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TERRORISM

Lawyers explain Pakistan trip by ‘Guantánamo Swede’

Lawyers representing a former Swedish terror suspect who spent time in the United States’ Guantánamo Bay prison, claim their client was not traveling to any trouble spots when he was arrested in Pakistan in August.

Lawyers explain Pakistan trip by 'Guantánamo Swede'

Mehdi Ghezali was arrested on August 28th along with fellow Swedes Munir Awad, 28, 19-year-old Safia Benaouda, and their two and a half-year-old boy while traveling with a group of other foreigners near Dera Ghazi Khan in Punjab province.

The group was suspected of traveling from Quetta to Miranshah, the main city in the lawless region of northern Waziristan, where they were to meet an alleged Taliban leader named Zahir Noor.

After spending more than a month in the custody of Pakistani officials, Ghezali and the other Swedes were released on October 11th. No terror charges were ever filed, although Ghezali was cited for entering the country without a proper visa.

In an attempt to clear the air surrounding the circumstances of the trip, Ghezali’s attorneys, Peter Althin and Anton Strand, have provided an account of their client’s trip in an article in the Dagens Nyheter (DN) newspaper.

According to the lawyers, Ghezali and his Swedish companions were in Pakistan as a part of a pilgrimage to celebrate Ramadan in a “larger Pakistani city”. At the time of their arrest, one of the Swedes had claimed they were heading to a meeting with a Muslim revivalist movement in the city of Lahore.

The lawyers explain that the decision to travel to Pakistan arose while the group was traveling through other countries in the Middle East and that the trip was arranged by a tour operator, which had told Ghezali and the other Swedes that visas could be arranged en route.

Althin and Strand are highly critical of both the Swedish state and the media over the way they’ve treated their client.

The attorneys explain that, despite Ghezali being released from Guantánamo in 2004 without being accused of any wrong doing, he and his family have been under the surveillance of Swedish security service Säpo ever since.

“The situation seems familiar to all of us who’ve read Franz Kafka,” the attorneys write.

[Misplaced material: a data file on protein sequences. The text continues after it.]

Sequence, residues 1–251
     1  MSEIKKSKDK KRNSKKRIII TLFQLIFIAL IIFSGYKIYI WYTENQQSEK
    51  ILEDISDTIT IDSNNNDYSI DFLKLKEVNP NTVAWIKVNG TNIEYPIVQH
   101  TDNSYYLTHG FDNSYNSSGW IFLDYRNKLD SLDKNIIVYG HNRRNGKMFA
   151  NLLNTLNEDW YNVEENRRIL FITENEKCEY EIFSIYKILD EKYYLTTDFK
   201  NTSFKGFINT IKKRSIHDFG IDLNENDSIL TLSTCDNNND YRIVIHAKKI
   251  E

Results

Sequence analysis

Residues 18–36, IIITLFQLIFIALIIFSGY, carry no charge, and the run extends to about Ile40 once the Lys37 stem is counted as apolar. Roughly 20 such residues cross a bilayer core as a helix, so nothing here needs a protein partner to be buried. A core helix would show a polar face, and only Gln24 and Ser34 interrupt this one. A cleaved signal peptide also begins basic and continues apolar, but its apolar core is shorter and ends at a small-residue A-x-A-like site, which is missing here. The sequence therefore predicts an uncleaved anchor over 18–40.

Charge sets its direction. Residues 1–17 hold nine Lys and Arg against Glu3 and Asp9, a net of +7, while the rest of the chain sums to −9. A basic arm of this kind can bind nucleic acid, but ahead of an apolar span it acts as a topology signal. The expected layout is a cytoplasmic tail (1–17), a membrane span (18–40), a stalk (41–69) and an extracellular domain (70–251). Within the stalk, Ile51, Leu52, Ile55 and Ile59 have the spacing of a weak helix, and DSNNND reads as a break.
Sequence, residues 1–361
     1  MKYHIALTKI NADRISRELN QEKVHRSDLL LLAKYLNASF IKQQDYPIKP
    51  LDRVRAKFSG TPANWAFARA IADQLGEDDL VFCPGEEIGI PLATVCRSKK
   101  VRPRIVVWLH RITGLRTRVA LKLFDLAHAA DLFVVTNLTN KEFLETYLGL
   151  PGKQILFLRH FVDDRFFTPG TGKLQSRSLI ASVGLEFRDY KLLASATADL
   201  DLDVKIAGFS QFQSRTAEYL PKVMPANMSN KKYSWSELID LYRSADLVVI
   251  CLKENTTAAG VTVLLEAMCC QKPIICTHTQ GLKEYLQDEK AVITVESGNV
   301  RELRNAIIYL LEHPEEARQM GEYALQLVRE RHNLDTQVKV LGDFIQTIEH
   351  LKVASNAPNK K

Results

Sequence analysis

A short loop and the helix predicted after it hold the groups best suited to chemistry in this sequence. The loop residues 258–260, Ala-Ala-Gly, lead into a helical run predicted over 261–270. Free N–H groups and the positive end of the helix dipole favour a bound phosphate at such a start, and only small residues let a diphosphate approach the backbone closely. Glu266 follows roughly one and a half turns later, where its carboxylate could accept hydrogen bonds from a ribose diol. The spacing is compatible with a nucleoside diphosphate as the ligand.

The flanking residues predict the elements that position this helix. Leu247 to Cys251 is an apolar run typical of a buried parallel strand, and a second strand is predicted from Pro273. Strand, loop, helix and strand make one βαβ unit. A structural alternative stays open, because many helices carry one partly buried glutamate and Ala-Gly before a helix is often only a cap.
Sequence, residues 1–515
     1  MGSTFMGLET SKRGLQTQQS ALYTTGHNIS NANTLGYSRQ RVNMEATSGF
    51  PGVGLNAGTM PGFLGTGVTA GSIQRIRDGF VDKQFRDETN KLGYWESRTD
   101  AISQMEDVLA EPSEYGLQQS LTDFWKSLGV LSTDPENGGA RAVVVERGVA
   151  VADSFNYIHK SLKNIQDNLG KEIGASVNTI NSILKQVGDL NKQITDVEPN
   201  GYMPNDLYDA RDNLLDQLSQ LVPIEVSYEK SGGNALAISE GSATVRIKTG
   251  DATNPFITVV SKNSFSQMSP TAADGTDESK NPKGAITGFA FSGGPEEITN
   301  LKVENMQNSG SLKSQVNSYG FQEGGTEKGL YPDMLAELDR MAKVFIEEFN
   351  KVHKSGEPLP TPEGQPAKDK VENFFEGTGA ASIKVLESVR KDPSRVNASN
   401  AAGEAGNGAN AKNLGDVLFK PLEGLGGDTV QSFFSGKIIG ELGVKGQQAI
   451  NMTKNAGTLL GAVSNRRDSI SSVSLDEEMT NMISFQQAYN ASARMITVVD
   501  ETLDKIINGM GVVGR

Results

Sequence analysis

They also feel the Swedish media’s coverage of Ghezali has been marked by “xenophobic undertones”.

They add that their client simply wants to be “left in peace.”

“As no government agency has ever accused him of terrorism or spying, it seems a reasonable request that the Swedish press corps can also abstain from formulating those types of accusations,” write Altin and Strand.

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CRIME

Surgeon fined for trying to sell Paris terror attack victim’s x-ray

A Paris court on Wednesday convicted a surgeon for trying to sell an X-Ray image of a wounded arm of a woman who survived the 2015 terror attacks in the French capital.

Surgeon fined for trying to sell Paris terror attack victim's x-ray

Found guilty of violating medical secrecy, renowned orthopaedic surgeon Emmanuel Masmejean must pay the victim €5,000 or face two months in jail, judges ordered.

Masmejean, who works at the Georges-Pompidou hospital in western Paris, posted the image of a young woman’s forearm penetrated by a Kalashnikov bullet on marketplace Opensea in late 2021.

The site allows its roughly 20 million users to trade non-fungible tokens (NFTs) – certificates of ownership of an artwork that are stored on a “blockchain” similar to the technology used to secure cryptocurrencies.

In the file’s description, the surgeon wrote that the young woman he had operated on had “lost her boyfriend in the attack” on the Bataclan concert hall, the focus of the November 2015 gun and bomb assault in which jihadists killed 130 people.

The X-Ray image never sold for the asking price of $2,776, and was removed from Opensea after being revealed by investigative website Mediapart in January.

Masmejean claimed at a September court hearing that he had been carrying out an “experiment” by putting a “striking and historic medical image” online – while acknowledging that it had been “idiocy, a mistake, a blunder”.

The court did not find him guilty of two further charges of abuse of personal data and illegally revealing harmful personal information.

Nor was he barred from practicing as prosecutors had urged, with the lead judge saying it would be “disproportionate and inappropriate” to inflict such a “social death” on the doctor.

The victim’s lawyer Elodie Abraham complained of a “politically correct” judgement.

“It doesn’t bother anyone that there’s been such a flagrant breach of medical secrecy. It’s not a good message for doctors,” Abraham said.

Neither Masmejean, who has been suspended from his hospital job, nor the victim were present for Wednesday’s ruling.

The surgeon may yet face professional consequences after appearing before the French medical association in September, his lawyer Ivan Terel said.

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